Pharmacology Applied Learning Program in Preclinical Years – Student Perspectives

Pharmacology curriculum plays an integral role in medical education. Learning pharmacology to choose and prescribe drugs is a major challenge encountered by students. We developed pharmacology applied learning activities for first year medical students that included realistic clinical situations with escalating complications which required the students to analyze the situation and think critically to choose a safe drug. Tutor feedback was provided at the end of session. Evaluation was done to assess the students- level of interest and usefulness of the sessions in rational selection of drugs. Majority (98 %) of the students agreed that the session was an extremely useful learning exercise and agreed that similar sessions would help in rational selection of drugs. Applied learning sessions in the early years of medical program may promote deep learning and bridge the gap between pharmacology theory and clinical practice. Besides, it may also enhance safe prescribing skills.

Using Weblog to Promote Critical Thinking – An Exploratory Study

Weblog is an Internet tool that is believed to possess great potential to facilitate learning in education. This study wants to know if weblog can be used to promote students- critical thinking. It used a group of secondary two students from a Singapore school to write weblogs as a means of substitution for their traditional handwritten assignments. The topics for the weblogging are taken from History syllabus but modified to suit the purpose of this study. Weblogs from the students were collected and analysed using a known coding system for measuring critical thinking. Results show that the topic for blogging is crucial in determining the types of critical thinking employed by the students. Students are seen to display critical thinking traits in the areas of information sourcing, linking information to arguments and viewpoints justification. Students- criticalness is more profound when the information for writing a topic is readily available. Otherwise, they tend to be less critical and subjective. The study also found that students lack the ability to source for external information suggesting that students may need to be taught information literacy in order to widen their use of critical thinking skills.

White Blood Cells Identification and Counting from Microscopic Blood Image

The counting and analysis of blood cells allows the evaluation and diagnosis of a vast number of diseases. In particular, the analysis of white blood cells (WBCs) is a topic of great interest to hematologists. Nowadays the morphological analysis of blood cells is performed manually by skilled operators. This involves numerous drawbacks, such as slowness of the analysis and a nonstandard accuracy, dependent on the operator skills. In literature there are only few examples of automated systems in order to analyze the white blood cells, most of which only partial. This paper presents a complete and fully automatic method for white blood cells identification from microscopic images. The proposed method firstly individuates white blood cells from which, subsequently, nucleus and cytoplasm are extracted. The whole work has been developed using MATLAB environment, in particular the Image Processing Toolbox.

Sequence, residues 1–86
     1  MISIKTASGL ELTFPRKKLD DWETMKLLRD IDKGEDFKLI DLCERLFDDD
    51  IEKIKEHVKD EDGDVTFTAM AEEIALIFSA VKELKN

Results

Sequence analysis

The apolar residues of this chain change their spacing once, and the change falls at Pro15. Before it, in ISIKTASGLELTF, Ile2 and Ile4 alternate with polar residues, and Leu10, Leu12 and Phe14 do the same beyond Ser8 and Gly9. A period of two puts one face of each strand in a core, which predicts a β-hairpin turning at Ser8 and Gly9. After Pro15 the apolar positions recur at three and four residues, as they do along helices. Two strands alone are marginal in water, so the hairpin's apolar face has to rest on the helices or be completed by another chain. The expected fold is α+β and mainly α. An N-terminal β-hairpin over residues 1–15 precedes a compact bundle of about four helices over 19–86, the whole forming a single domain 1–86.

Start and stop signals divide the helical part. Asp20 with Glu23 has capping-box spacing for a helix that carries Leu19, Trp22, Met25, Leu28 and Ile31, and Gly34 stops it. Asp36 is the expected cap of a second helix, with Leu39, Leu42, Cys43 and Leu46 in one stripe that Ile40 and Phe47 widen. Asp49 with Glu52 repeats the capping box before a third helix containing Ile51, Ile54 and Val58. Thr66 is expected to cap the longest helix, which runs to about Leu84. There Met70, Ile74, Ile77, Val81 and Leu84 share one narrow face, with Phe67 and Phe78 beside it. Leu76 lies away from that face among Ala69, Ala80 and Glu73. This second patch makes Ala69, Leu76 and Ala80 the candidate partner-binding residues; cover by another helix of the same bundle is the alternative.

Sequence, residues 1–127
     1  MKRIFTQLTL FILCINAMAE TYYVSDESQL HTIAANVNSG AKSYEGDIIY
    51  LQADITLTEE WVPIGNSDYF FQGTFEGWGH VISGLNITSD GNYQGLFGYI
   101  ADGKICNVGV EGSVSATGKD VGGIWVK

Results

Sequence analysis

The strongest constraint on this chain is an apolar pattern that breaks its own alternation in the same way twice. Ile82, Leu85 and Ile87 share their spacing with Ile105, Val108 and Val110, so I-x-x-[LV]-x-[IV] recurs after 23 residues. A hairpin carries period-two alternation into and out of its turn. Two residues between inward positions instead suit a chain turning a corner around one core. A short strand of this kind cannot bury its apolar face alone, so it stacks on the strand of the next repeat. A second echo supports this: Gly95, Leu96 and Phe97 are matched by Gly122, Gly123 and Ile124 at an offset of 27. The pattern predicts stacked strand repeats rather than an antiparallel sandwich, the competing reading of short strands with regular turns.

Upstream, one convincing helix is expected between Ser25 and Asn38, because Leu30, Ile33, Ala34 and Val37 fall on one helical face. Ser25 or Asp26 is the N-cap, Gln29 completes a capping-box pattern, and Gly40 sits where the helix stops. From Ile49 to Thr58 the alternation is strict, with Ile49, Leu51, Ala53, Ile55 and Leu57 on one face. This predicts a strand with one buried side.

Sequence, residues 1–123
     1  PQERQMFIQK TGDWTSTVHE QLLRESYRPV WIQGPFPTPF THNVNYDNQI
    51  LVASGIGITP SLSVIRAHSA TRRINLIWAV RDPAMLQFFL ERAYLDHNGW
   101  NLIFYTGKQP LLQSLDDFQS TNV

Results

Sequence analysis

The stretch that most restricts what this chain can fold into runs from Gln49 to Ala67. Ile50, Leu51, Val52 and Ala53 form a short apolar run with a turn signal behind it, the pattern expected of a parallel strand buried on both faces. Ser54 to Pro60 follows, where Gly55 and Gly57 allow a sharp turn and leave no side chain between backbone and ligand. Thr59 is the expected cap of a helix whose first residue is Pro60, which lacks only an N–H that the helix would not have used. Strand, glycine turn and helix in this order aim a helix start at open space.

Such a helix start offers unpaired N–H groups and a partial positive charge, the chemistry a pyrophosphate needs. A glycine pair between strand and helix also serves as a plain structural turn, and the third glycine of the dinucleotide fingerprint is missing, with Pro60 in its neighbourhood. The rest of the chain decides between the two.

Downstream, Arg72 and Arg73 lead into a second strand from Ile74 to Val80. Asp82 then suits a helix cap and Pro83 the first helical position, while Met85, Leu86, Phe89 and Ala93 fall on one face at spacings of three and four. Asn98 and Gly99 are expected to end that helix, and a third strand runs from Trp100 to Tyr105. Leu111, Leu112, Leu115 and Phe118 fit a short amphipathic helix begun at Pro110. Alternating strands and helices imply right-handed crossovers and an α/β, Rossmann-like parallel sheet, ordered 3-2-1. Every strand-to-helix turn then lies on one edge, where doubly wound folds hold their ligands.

Directed Approach and Resolution of Practical Cases as a Motivation Tool for Self-Learning and Cooperation

The development of competences and practical capacities of students is getting an important incidence into the guidelines of the European Higher Education Area (EHEA). The methodology applied in this work is based on the education through directed resolution of practical cases. All cases are related to professional tasks that the students will have to develop in their future career. The method is intended to form the necessary competences of students of the Marine Engineering and Maritime Transport Degree in the matter of “Physics". The experience was applied in the course of 2011/2012. Students were grouped, and a practical task was assigned to them, that should be developed and solved within the team. The aim was to realize students learning by three ways: their own knowledge, the contribution of their teammates and the teacher's direction. The results of the evaluation were compared with those obtained previously by the traditional teaching method.

Creating a Space for Teaching Problem Solving Skills to Engineering Students through English Language Teaching

The complexity of teaching English in higher institutions by non-native speakers within a second/foreign language setting has created continuous discussions and research about teaching approaches and teaching practises, professional identities and challenges. In addition, there is a growing awareness that teaching English within discipline-specific contexts adds up to the existing complexity. This awareness leads to reassessments, discussions and suggestions on course design and content and teaching approaches and techniques. In meeting expectations teaching at a university specified in a particular discipline such as engineering, English language educators are not only required to teach students to be able to communicate in English effectively but also to teach soft skills such as problem solving skills. This paper is part of a research conducted to investigate how English language educators negotiate with the complexities of teaching problem solving skills through English language teaching at a technical university. This paper reports the way an English language educator identified himself and the way he approached his teaching in this institutional context.